As an egg is sitting in storage there’s a lot that’s happening to it.
An egg shell is porous, meaning that there is transfer of air and moisture between the outside and inside of an egg, and of bacteria (if present).
So as an egg sits or is stored, and that air transfer occurs, the main thing that will happen is that the egg’s air cell with grow larger.
The transfer of moisture out of the egg will expand the air cell and the space between the membranes in the egg.
Water is also transferred between the layers of the egg’s albumen.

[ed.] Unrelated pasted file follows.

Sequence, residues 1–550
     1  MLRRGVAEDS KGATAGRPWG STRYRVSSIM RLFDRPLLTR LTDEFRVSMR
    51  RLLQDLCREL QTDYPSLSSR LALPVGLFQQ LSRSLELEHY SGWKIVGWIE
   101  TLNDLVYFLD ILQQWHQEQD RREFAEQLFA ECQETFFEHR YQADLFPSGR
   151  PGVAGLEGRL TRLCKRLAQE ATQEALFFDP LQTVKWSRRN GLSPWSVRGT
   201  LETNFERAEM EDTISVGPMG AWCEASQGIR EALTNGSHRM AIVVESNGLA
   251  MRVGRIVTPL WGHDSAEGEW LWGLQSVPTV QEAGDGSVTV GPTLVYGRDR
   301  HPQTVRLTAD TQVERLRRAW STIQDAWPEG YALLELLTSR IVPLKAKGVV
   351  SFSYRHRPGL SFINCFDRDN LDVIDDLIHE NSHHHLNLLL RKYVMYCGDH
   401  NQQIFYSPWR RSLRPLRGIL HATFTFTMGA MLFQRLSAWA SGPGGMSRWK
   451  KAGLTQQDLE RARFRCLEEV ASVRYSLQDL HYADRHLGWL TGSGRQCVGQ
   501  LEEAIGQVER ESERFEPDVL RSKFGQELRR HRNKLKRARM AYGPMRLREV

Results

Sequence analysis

To see this in action, crack a fresh egg on a plate. You’ll notice the yolk often sits very high on the albumen, which is the thicker white of an egg.
As the egg ages that albumen breaks down and you’ll often see a thinner, more watery layer of albumen.
Don’t worry, it’s perfectly safe if it’s more watery, it just usually is associated with an older egg.